On warm and damp sites, radiata stands could be a nurse crop for native forest. As long as seed sources were available, the carbon dioxide reservoirs would ultimately change to become native forest, Mason said. He recommended radiata pine and other exotics be established as permanent carbon forests with the proviso that, for every 10ha of exotics, 1ha of local native stands “are either identified or established to act as seed sources for the gradual succession to native forest as carbon reservoirs”.
Photo: Volunteers planting native trees at Rai Valley. About 700 rimu, totara, lowland ribbonwood, matai and other native trees were planted. Native forest may eventually take over as the country’s carbon dioxide reservoirs.
Pölkky Oy has announced the construction of a new planing mill in Taivalkoski, Finland. The value of the investment is 10 million euros and is part of the company’s new investment program.
The new planing mill will produce a variety of processed wood products for both exports and the domestic market. The facility is expected to be up and running in the fall of 2020, and will directly employ 10 people. The new facility will have an annual capacity of over 100 000 m3.
“Investing in the construction of the new planing mill in Taivalkoski is part of our new strategy which aims to increase our ratio of further processed wood products and to improve our profitability. The new planing mill also enables us to react even faster to our customers’ needs. Collaboration with the Taivalkoski municipality has been very good”, says Petteri Virranniemi, CEO at Pölkky Oy.
“The new plant will have a high degree of automation and will use cutting edge technology. In particular we are investing in the possibility to make fast cutting pattern changes”, comments Pekka Tuovinen, Technical Director at Pölkky Oy
Earlier in 2019 Pölkky Oy announced its first stage in the investment program with the modernization of the sawmill in Kajaani, which will also be incrementally implemented starting H2 2020.
Pölkky Oy uses 1 400 000 m3 of raw timber annually, across its four sawmills in Finland. The company’s turnover is 180 million euros. Pölkky has 420 employees in wood procurement, sawing and processing. Pölkky is a family company, now in the third generation.
Pölkky Oy is the largest private wood processing company in northern Finland. The sawmills and further processing facilities run by Pölkky Oy are located in the heart of Finland’s best raw timber region, in Kuusamo, Taivalkoski and Kajaani. Pine represents 75% and spruce 25% of their production. Pölkky also has a pressure treatment facility in Oulu
Petteri Virranniemi, Chief Executive Officer, Pölkky Oy
Tel. +358 40 522 4390
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A big deficit in the supply of hardwood woodchips is expected in the Asia-Pacific in the next three-to-five years, with demand in China, already the world’s biggest importer, expected to continue growing, according to Australian forestry giant Midway Group. Source: Philip Hopkins for Timberbiz
Midway’s managing director, Tony Price, told the recent DANA conference in Brisbane that Japan’ demand for hardwood chips was still strong, while Vietnam remained the region’s biggest supplier, followed by Australia.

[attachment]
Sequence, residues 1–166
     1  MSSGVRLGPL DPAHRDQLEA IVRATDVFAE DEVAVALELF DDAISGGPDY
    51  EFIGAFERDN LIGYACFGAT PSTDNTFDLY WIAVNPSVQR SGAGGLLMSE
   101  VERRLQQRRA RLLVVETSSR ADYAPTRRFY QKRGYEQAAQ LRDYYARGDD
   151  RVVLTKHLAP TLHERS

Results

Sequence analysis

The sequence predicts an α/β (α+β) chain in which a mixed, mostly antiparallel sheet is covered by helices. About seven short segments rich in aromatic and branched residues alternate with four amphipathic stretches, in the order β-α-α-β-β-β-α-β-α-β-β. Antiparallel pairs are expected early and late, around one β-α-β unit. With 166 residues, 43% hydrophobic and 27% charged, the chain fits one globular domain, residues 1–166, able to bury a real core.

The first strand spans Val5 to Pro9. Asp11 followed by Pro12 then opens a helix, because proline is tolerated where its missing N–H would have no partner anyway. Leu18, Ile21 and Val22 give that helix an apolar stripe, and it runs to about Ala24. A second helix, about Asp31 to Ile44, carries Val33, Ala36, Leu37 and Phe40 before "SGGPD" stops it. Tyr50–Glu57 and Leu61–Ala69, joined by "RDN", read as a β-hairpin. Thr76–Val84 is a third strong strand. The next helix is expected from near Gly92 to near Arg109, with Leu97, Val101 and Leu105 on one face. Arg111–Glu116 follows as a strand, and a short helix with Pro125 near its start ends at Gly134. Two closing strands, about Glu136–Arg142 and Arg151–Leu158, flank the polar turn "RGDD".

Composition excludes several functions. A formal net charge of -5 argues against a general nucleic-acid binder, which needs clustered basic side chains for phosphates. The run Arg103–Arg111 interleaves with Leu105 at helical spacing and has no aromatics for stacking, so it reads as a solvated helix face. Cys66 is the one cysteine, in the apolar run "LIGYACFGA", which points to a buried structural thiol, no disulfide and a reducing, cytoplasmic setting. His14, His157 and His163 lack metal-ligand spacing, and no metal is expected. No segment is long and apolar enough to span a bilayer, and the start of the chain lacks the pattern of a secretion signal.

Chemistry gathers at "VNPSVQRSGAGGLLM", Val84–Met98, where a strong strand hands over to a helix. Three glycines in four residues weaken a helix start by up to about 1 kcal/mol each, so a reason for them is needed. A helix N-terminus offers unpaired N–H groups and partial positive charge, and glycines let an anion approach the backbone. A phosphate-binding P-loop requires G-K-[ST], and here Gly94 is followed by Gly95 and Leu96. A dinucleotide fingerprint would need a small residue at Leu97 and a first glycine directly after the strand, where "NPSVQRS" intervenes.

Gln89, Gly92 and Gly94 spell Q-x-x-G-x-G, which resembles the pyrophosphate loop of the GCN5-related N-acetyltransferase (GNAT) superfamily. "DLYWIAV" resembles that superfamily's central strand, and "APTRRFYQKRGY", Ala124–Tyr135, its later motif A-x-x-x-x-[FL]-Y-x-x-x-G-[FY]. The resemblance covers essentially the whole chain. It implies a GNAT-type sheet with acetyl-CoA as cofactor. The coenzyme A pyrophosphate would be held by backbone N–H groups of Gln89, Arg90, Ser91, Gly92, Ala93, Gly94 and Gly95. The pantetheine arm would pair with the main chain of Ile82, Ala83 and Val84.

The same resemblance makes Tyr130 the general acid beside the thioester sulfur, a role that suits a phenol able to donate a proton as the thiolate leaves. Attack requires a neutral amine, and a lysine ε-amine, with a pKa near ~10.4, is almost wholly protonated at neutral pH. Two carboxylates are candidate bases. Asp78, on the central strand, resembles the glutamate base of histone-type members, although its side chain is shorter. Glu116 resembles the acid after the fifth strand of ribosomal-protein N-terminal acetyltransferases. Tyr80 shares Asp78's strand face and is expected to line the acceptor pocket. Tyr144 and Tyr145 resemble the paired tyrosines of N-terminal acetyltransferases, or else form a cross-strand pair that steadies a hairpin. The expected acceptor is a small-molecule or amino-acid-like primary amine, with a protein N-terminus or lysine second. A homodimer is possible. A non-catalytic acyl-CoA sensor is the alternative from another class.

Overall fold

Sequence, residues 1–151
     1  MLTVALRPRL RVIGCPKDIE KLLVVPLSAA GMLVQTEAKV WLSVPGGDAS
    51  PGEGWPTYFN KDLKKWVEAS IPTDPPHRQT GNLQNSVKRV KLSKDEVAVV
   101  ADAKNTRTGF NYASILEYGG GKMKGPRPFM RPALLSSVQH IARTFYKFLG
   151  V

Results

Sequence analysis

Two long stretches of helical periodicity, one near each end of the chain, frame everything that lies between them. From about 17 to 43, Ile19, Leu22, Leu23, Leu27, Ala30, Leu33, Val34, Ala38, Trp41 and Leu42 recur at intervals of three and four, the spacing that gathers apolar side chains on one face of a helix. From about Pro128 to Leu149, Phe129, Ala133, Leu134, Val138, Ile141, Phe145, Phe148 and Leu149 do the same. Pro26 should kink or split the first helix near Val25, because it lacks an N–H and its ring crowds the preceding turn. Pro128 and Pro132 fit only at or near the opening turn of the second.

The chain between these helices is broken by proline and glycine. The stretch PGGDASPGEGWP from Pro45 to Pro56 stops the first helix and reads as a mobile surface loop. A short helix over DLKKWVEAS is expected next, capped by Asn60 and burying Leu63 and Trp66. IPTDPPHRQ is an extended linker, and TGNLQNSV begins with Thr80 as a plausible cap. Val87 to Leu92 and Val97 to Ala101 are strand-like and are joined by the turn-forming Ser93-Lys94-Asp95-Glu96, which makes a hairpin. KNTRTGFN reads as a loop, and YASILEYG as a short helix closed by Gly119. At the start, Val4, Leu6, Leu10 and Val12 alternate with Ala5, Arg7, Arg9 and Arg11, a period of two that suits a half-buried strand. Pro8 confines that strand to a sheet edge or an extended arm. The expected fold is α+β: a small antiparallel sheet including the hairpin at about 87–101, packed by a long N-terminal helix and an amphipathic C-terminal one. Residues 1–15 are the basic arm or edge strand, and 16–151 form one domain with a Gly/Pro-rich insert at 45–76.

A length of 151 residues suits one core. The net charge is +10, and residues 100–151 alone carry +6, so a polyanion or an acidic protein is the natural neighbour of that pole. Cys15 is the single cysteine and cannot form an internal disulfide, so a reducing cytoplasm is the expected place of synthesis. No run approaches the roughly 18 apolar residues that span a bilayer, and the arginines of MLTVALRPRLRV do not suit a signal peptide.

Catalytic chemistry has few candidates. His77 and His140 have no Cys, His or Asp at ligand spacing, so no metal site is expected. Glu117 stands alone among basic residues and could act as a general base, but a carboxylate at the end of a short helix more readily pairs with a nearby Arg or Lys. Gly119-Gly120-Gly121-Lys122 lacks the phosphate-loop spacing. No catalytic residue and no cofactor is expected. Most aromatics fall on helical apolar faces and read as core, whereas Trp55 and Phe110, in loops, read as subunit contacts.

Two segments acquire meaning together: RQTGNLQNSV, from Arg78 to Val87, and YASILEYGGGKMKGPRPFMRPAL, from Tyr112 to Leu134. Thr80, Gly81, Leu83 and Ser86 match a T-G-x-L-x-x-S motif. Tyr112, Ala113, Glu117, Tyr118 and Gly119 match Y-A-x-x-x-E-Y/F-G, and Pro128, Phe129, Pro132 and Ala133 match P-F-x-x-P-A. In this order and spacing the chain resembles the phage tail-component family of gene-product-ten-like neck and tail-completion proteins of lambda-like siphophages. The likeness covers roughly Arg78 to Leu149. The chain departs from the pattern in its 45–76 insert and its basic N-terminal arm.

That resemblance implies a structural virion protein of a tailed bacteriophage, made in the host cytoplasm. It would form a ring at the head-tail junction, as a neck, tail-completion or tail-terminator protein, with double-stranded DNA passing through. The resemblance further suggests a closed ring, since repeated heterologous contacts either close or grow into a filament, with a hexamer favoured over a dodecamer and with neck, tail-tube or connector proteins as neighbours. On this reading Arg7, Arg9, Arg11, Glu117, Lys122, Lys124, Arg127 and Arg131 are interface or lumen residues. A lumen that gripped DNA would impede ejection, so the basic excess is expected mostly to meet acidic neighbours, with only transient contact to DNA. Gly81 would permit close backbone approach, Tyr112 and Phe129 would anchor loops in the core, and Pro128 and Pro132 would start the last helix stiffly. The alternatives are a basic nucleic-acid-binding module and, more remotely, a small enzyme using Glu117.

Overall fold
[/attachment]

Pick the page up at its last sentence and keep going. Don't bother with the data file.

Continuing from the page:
Mr Price said China had been a strong and consistent importer of hardwood chips since 2007, with imports now more than 12 million bone-dry million tonnes. Capacity had expanded, with big growth in areas such as tissue production.
“There is an increased appreciation of higher quality eucalyptus woodchips. Customers are moving to longer term contracts and six-monthly pricing. The prices are equivalent to, or better than Japan,” he said.
Japanese imports had increased since 2013 despite predictions of a contraction, but long-term demand was expected to decline.
“With increasing competition from China, Japan has diversified its supply sources,” he said. However, biomass demand was set to take-off, with a number of dedicated biomass power stations active.
Mr Price said demand in Taiwan and South Korea remained stable, focussed on cheaper, lower quality fibre, but biomass demand could grow in Korea.
“Indonesia is now an importer. It has rapidly moved from an exporter to an importer due to increases in consumption and reduced availability of domestic fibre,” he said.
Imports had grown significantly this year and were on track to exceed one million BDT. In contrast, India was not yet a significant player.
“The market is yet to develop,” he said.
Mr Price said Vietnam’s hardwood woodchip supply had been predicted to tighten, but it continued to grow.
“They have very short rotations so have the ability to quickly respond to demand. There are good margins along the entire supply chain from grower to exporter,” he said. “The Government would prefer longer rotations and domestic value-adding.”
Vietnamese supply continued to grow to fill reductions from other countries.
“Other suppliers are expected to reduce due to a combination of domestic demand and limited plantation availability,” he said. These countries included Chile, Thailand, South Africa, Malaysia and Ecuador.
Mr Price said Australian plantation supply had doubled since 2013 due to the maturing of the hardwood plantation resource. However, further rises in plantation supply were limited and would drop from 2023 for at least five years, he said.
Demand for hardwood logs had affected the woodchip supply.
“There is potential to increase supply from managed regrowth forests,” he said.